U.S. Representative Mike Levin (D-CA) introduced legislation to foster veteran entrepreneurship by expanding veterans’ eligibility for the self-employment portion, or “track,” of the Veteran Readiness and Employment (VR&E) program. Currently, this track is only open to veterans “with the most severe service-connected disabilities who require homebound training or self-employment,” resulting in just 162 veterans participating in the self-employment track in 2021 out of 80,680 veterans using the VR&E program overall. Rep. Levin’s Veteran Eligibility for Necessities To Undertake Rewarding Entrepreneurship (VENTURE) Act would expand veterans’ eligibility for the self-employment track to all veterans who are eligible for the VR&E program. The House Committee on Veterans’ Affairs passed the bill today.
“Veterans who have sacrificed for our country should have every opportunity to start their own business, but too many of these former servicemembers are denied access to a critical portion of the Veteran Readiness and Employment program that can help them achieve their dreams of entrepreneurship,” said Rep. Levin. “It’s time to open the door for more veterans with service-related injuries to access the self-employment program and all of the resources that come with it, and that’s what my VENTURE Act aims to do. I am very grateful for the support of Veteran Service Organizations and my colleagues on the Veterans’ Affairs Committee on this critical legislation, and I am hopeful we can advance it in the House soon.”
“Certain skills gained while in military service may make some veterans well-posed to become successful entrepreneurs,” said Emily DeVito, Associate Director, Veterans of Foreign Wars (VFW) National Legislative Service. “For some veterans eligible for VR&E, self-employment may be the best track for a seamless transition from service. The VFW strongly supports this bill to expand eligibility for the self-employment track and is thankful to Congressman Levin for providing the support and resources needed for service-connected disabled veterans to start their own businesses.”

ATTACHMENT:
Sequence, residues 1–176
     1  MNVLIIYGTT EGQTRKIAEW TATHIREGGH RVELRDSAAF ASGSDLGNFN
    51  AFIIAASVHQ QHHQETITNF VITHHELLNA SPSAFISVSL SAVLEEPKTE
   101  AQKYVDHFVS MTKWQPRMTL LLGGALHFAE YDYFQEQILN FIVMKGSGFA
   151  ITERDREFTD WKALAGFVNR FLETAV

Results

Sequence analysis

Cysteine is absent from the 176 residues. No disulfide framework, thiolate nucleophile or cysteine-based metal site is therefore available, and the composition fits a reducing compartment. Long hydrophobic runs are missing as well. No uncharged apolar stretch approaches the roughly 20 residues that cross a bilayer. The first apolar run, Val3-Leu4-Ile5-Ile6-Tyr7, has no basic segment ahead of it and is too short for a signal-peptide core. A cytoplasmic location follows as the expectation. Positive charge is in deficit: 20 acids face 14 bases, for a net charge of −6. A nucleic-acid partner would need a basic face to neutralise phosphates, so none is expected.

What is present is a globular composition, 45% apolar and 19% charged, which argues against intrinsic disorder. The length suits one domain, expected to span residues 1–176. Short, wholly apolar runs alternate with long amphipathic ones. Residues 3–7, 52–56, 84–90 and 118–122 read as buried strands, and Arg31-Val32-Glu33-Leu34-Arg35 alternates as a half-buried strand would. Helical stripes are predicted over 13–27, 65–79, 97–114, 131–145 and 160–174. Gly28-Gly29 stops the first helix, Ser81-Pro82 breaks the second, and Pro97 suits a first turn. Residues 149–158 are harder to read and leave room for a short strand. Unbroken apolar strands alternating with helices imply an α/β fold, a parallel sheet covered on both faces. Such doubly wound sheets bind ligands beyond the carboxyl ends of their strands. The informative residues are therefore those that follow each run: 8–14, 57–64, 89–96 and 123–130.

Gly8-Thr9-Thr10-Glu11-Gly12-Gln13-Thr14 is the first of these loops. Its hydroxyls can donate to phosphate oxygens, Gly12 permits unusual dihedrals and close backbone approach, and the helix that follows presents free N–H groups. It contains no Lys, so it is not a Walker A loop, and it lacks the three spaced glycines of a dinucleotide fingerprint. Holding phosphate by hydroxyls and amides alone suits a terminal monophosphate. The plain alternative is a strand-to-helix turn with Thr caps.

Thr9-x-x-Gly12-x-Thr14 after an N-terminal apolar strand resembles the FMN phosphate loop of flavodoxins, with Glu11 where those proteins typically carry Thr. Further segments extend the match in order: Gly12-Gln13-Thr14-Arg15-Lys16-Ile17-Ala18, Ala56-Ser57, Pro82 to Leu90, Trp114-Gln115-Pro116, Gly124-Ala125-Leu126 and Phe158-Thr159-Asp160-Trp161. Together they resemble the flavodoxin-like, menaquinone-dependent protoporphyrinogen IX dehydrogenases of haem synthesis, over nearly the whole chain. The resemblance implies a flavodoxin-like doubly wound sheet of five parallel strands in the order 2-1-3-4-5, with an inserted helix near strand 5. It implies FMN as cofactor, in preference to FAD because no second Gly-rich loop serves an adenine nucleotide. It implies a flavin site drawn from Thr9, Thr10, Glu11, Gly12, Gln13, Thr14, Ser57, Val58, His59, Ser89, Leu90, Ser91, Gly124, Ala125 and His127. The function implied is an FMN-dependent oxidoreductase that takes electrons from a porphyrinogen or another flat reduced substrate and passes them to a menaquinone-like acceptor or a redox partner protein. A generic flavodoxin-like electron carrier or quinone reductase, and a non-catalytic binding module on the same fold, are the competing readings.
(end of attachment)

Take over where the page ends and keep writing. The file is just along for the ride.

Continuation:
“Veterans with service-related injuries deserve the opportunity for self-employment that accommodates their employment barriers and provides them with financial empowerment,” said Disabled American Veterans (DAV) Deputy National Legislative Director Shane Liermann. “DAV strongly supports the Veteran Eligibility for Necessities To Undertake Rewarding Entrepreneurship Act (VENTURE) which will expand eligibility for self-employment training within VA’s VR&E program. We applaud Representative Levin for his leadership and commitment to keeping the promise to America’s veterans.”
VR&E supports servicemembers leaving active duty due to medical issues, as well as veterans with service-connected disabilities. The program provides comprehensive employment services and assistance including vocational counseling, training, career placement, and special rehabilitation services. The self-employment track specifically provides assistance with business plans, training in small business operations, assistance with start-up costs, and more.
On July 9, 2021, Rep. Levin, Rep. Barry Moore (R-AL), and Chairman Mark Takano (D-CA) sent a letter to the Department of Veterans Affairs (VA) expressing concern regarding reported underutilization of the self-employment track and requesting information to further examine the issue, among other things. In its response, VA listed the eligibility requirements for the self-employment track, one of which is that the veteran’s service-connected disability must be so severe as to necessitate selection of self-employment as the only reasonably feasible vocational goal. Rep. Levin’s VENTURE Act aims to break down that barrier to veterans’ participation in the self-employment track by expanding eligibility to all VR&E participants.